This government, made up of parties with an historical, ideological commitment to the rule of markets has come to power against the backdrop of an economic crisis. They will make cuts and it is inevitable that they will try to expand public sector privatisation and outsourcing under the cover of this crisis.
Contracting out provision of public services — waste management, housing or education, for example — is an easy way to cut without seeming to cut and to absolve central or local government of responsibility for the quality of service or the working conditions of those who provide those services.
Several giant multinationals already operate in Britain as significant providers of outsourced public services. We profile some of them here to help working-class activists get to know a group of enemies that are only going to get bigger.
This is the big daddy in the field. Capita does everything. Its field is “business process outsourcing”, which basically means “need something doing? Pay us to do it for you.” Except it’s not talking about your dishes or hoovering the carpet. It’s talking about multi-million pound contracts to run various parts of the public sector.
The Education Maintenance Allowance (the derisory £30 a week “grant” for 16-19 year olds in full time education) is not administered by the government, but by Capita Group. The contract it won from the now defunct Learning & Skills Council is just one of several such contracts. And it’s only set to get bigger. Quoted in the Guardian, Capita boss Richard Marchant said: “A major problem for the public sector is, we feel, a significant opportunity for us. Opportunities are at their highest level in two to three years. This year we have probably seen a 100% increase in opportunities [compared with 2009] and I suspect we will see another 50% increase in the following year.”
So there you have it, folks. Big public sector present huge opportunities for companies like Capita. The Guardian estimates a £60m boost for Capita’s revenues as a result of increased outsourcing. We take cuts, they make money. And they make money even when they prove incompetent: when they took over running CRB checks in 2002, thousands of teachers were kept out of work for weeks as Capita’s systems failed to keep up with the workload.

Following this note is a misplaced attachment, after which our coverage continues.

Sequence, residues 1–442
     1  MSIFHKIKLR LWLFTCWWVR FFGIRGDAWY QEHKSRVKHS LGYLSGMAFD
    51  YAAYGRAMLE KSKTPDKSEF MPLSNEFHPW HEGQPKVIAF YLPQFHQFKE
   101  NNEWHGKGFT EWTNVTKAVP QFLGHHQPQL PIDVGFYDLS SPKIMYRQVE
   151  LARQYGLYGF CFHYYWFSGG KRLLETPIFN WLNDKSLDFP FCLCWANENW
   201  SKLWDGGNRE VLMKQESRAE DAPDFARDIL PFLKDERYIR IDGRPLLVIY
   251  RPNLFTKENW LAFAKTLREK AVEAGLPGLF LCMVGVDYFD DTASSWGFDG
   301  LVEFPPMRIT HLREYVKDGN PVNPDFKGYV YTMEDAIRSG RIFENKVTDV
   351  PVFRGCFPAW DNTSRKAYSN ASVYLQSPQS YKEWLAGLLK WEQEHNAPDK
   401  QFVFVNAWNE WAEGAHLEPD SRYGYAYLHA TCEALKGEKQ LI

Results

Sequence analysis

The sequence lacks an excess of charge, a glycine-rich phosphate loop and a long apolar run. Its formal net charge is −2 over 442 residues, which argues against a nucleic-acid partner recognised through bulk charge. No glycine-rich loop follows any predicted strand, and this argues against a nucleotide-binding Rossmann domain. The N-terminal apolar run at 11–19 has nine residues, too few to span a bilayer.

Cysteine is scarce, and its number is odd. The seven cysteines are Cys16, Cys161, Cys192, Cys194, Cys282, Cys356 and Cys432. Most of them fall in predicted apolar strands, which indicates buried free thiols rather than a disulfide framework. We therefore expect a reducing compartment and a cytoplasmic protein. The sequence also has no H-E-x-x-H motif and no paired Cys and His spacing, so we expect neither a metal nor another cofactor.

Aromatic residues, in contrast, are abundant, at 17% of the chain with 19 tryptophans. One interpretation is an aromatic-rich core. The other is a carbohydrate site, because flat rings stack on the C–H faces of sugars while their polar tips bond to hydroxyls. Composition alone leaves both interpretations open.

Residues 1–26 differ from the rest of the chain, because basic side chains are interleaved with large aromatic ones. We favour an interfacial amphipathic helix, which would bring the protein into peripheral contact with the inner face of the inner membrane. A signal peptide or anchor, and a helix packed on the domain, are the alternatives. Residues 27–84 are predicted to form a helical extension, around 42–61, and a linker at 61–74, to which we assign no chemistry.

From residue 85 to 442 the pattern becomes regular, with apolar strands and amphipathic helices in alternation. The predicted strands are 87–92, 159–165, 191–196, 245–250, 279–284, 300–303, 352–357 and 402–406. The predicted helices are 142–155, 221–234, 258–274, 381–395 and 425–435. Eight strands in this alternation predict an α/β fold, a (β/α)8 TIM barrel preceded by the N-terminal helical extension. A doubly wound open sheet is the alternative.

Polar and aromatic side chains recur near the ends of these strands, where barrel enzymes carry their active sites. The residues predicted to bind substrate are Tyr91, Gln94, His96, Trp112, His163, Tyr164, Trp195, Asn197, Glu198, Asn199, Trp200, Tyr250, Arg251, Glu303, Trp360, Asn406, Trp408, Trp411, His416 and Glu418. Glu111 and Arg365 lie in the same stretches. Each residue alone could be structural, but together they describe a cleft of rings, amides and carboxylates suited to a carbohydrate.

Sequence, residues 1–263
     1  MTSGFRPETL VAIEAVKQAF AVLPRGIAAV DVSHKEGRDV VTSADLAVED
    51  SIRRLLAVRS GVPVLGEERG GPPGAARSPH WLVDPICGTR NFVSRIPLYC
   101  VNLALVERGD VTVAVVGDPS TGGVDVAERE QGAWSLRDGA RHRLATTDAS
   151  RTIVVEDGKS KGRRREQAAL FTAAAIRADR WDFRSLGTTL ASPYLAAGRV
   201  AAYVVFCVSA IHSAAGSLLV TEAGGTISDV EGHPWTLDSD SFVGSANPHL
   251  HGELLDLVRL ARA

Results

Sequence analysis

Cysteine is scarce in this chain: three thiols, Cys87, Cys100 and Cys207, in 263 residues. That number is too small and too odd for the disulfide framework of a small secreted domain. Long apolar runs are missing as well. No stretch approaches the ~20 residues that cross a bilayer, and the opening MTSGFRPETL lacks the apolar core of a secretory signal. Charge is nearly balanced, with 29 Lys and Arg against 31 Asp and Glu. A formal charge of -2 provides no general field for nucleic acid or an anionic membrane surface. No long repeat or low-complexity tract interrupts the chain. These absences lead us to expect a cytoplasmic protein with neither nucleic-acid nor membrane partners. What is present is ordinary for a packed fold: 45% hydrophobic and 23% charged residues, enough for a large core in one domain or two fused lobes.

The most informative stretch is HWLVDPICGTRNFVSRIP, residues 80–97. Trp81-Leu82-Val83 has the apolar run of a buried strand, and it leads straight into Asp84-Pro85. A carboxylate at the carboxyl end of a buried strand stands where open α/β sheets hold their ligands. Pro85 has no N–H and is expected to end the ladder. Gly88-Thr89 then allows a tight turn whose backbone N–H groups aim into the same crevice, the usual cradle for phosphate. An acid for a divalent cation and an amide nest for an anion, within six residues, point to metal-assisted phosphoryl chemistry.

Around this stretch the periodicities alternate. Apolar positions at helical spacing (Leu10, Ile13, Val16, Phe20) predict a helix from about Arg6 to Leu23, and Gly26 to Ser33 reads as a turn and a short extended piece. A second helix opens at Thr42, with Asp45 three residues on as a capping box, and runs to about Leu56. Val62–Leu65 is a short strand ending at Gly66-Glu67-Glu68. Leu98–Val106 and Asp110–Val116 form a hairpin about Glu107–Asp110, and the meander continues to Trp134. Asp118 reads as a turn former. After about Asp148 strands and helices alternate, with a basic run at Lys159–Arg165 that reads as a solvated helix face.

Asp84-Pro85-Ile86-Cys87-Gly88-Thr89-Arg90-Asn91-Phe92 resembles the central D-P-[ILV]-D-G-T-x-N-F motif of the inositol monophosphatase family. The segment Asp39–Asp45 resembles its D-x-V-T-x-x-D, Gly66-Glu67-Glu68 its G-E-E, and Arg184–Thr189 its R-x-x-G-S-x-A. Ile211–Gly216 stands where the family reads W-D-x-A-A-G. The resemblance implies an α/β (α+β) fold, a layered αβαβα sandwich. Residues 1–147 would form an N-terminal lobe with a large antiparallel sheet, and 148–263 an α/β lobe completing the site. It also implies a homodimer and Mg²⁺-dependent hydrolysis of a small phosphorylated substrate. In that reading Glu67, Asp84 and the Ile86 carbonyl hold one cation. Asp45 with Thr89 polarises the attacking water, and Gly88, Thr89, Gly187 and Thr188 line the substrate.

Serco Group PLC is a service-provision behemoth, employing 70,000 people directly and operating with a revenue of over £3 billion in 2009. The Guardian referred to it as “the biggest company you’ve never heard of”. The pies in which Serco has a big fat profiteering finger are innumerable. Ever taken a DLR train in London? A Merseyrail train in Liverpool? Been clocked by a speed camera? Attended school in Bradford, Walsall or Stoke? All money in Serco’s pocket. It manages several Local Education Authorities, a range of transport services, leisure centres and the IT facilities of a London borough as well as having a substantial defence portfolio. Like many companies of its type it has also expanded into the detention “sector”, running four prisons and two “Immigration Removal Centres”, including the infamous Yarl’s Wood centre.
The nature of Serco’s relationship to the local government bodies for whom it provides services gives an insight into how, even when you think a public service is still public, it might actually be privatised. Its 10-year, £360 million contract with Bradford Council allowed it to provide “education support services” to the council; their joint “division of responsibilities” document shows that Serco has sole or lead responsibility for vital services in the schools sector, including libraries, ICT, inclusion, testing, and headteacher employment. Three years into Serco’s stewardship of schools in Bradford, 5% of them were in special measures. Fortunately, Serco’s contract will not be renewed when it expires in 2011.